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Google, others, bringing Internet video content to your TV

A one-button command can trigger your cable box, TV and sound system.

A one-button command can trigger your cable box, TV and sound system.

Are you spending as much time viewing video content on your computer as you do on your TV? Do you find the tangled Webworld overwhelming — missing one-time-only streaming concerts, sporting events and conferences, then kicking yourself afterward? • If so, you're primed and ready for Google TV, appearing soon on a set near you. It's a platform (and companion hardware) that merges all the traditional TV programming coming into the home via cable, satellite and broadcast with the gazillion choices on the broadband-delivered Internet, for search and delivery on your big-screen HDTV.

Just enter a keyword like "Lost," and you might be surprised what pops up — links to recent episodes at, past seasons at Netflix, chat boards to discuss the finale, Internet parodies and lots more.

Who's on board

While using the all-powerful Google search engine and the company's speedy Chrome operating system, Google is not going it alone in this new-age video venture.

Intel is producing the Atom microprocessor-based CE4100 system on a chip, code-named "Sodaville," that will be packed into assorted electronics products to deliver the high-def quality streaming video and audio, optimized with the latest Flash Player 10.1 coding.

First out of the gate this fall will be a "companion box" from Logitech, Inc. that you can add to an existing home-electronics rack. Also promised before year's end are a Sony HDTV and Blu-ray player, both with Google TV onboard. And DISH Network will be the first pay-TV provider to make existing HDTV receivers/DVRs "Google TV-friendly."

Not your father's Internet TV gear

Most current Internet-ready TVs (from Sony, Panasonic, Vizio, etc.) and add-on boxes (Roku, Vudu, Boxee, Apple TV) are what's known as "walled garden" devices. Access is available to just a few (or few dozen) Internet sites that have made deals with the equipmentmaker to be in its sheltered domain — most prominently Net-flix, Amazon Video On Demand, Pandora, Facebook, Picasa and YouTube (owned by Google). None of these devices can do a unified search for everything available on a subject, actor or title of interest.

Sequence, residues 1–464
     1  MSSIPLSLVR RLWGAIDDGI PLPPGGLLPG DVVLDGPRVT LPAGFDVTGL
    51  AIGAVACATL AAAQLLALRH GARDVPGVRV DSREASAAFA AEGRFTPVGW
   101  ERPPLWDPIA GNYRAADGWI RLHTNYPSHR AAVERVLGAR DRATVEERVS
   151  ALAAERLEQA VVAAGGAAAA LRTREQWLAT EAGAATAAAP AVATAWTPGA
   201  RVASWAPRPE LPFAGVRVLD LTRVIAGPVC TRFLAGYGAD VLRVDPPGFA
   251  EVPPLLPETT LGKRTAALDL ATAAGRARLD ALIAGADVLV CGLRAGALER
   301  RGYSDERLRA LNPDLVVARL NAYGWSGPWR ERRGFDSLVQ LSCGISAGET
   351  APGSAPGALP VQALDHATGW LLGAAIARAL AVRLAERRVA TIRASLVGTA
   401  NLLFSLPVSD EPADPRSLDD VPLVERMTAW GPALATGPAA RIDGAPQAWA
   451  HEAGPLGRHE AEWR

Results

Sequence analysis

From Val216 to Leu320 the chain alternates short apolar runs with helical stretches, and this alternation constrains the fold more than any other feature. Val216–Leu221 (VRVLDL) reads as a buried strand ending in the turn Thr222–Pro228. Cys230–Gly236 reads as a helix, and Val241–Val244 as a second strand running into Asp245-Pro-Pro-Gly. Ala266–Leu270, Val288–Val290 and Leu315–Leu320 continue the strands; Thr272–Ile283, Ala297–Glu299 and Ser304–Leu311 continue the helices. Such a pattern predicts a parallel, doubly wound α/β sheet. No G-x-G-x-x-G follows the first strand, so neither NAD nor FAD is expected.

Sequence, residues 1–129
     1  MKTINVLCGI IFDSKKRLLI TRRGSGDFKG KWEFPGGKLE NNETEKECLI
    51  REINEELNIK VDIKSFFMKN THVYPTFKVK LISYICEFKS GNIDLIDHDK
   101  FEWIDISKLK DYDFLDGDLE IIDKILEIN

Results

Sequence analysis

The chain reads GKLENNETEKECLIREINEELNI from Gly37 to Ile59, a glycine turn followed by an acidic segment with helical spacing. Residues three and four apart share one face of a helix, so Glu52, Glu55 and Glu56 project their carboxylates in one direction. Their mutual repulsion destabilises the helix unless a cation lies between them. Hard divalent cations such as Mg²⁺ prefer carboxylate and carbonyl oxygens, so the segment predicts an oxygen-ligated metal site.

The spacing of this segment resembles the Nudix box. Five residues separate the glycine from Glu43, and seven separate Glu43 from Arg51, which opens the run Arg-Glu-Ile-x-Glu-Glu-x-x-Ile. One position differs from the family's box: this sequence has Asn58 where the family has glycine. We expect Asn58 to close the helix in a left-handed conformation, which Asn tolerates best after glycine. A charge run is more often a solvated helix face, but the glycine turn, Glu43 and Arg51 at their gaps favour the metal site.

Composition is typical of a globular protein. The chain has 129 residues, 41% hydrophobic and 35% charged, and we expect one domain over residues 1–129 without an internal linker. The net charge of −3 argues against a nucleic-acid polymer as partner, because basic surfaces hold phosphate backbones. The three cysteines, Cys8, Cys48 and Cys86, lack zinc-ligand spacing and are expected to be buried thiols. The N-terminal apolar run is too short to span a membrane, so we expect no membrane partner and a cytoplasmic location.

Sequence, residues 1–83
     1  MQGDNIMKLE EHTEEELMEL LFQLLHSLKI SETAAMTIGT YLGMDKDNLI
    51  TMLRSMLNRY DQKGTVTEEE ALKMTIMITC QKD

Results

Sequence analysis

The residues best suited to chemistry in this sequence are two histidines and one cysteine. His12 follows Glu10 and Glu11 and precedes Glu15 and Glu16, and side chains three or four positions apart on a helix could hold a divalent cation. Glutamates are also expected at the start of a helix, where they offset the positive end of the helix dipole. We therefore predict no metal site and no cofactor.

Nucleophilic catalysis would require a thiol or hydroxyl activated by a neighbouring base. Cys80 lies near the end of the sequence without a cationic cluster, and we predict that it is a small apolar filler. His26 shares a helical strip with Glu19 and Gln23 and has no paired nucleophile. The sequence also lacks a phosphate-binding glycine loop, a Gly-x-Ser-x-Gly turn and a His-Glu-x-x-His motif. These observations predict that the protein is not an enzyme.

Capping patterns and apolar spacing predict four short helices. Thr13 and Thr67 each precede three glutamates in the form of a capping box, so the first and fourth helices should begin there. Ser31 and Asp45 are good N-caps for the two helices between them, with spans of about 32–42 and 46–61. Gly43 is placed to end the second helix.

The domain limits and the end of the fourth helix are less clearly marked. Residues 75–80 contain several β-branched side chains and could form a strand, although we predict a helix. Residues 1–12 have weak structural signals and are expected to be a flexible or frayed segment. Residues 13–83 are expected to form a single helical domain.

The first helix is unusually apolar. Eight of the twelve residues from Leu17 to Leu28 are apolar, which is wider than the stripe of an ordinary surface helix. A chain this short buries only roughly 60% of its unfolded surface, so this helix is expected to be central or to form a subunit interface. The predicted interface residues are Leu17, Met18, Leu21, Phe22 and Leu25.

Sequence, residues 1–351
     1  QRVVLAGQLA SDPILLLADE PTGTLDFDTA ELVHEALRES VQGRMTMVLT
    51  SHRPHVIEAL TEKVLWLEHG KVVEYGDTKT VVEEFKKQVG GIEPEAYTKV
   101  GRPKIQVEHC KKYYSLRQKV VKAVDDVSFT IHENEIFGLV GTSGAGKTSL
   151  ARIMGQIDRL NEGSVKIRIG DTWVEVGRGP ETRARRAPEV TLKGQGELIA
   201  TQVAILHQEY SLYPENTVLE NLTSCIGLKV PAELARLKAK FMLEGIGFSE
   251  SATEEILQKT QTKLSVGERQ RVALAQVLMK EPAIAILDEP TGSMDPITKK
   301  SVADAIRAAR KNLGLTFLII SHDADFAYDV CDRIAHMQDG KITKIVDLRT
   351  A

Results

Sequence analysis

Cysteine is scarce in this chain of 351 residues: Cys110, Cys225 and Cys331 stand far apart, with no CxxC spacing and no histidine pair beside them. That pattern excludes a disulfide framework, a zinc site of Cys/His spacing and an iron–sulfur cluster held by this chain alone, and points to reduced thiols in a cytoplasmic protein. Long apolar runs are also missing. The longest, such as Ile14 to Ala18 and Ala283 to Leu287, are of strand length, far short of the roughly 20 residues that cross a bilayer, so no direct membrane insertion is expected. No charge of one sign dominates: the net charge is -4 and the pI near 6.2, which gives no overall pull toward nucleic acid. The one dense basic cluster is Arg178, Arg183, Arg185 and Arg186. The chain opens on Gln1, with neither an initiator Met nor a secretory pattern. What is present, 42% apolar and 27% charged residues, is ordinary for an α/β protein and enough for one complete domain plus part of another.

The latest "Premiere" edition TiVo boxes do search, and neatly integrate cable card tuners and a hard disc recorder. But TiVo's access to the Internet is of the "walled garden" variety. Users pay a monthly fee to keep the on-screen guide running. The search functionality of Google TV will be free.

How easy will set up and operation be?

Pretty simple with a Logitech box, said Ashish Arora, vice-president and general manager of the Digital Home Group. Logitech is building command software from its vaunted Harmony line of smart remote controls into the Google TV box and companion remote, so a one-button command could trigger the cable box, TV and home theater sound system. Your smart phone also will be usable as a remote.

A small infrared signal blaster wired to the Logitech unit will issue commands to most audio/video components. But DISH satellite tuners/DVRs will communicate directly through the connected HDMI cable. And the Google TV system will be able to "read" the contents of this DVR and add appropriate entries to any searched list.

Content tracking with other cable- and satellite-TV recorders will not be possible at the get-go. However, Eric Kim, senior vice president and general manager of Intel's Digital Home Group, shared at a recent investors briefing that "we are engaged with a number of other major TV operators outside of DISH that are very, very aggressively building their next-generation set-top box based on our platform."

Will this kick up my Internet service bill?

It could. If you start streaming high-definition movies every day through Google TV, your Internet provider may declare that you've exceeded the monthly data allowance and raise the rate or cut you off. But Logitech's Arora doesn't believe that's how it'll play out. His pitch is that "our goal is to create value and enhance the TV experience, to leverage and use all the resources available to the user. So when you go searching for a movie, ready to buy it at an on-demand site, you may not know that your Comcast service is offering it free for the next two months, or that it's hiding on Ch. 192. With Google TV, now you will."

Google, others, bringing Internet video content to your TV 06/18/10 [Last modified: Thursday, June 17, 2010 4:13pm]
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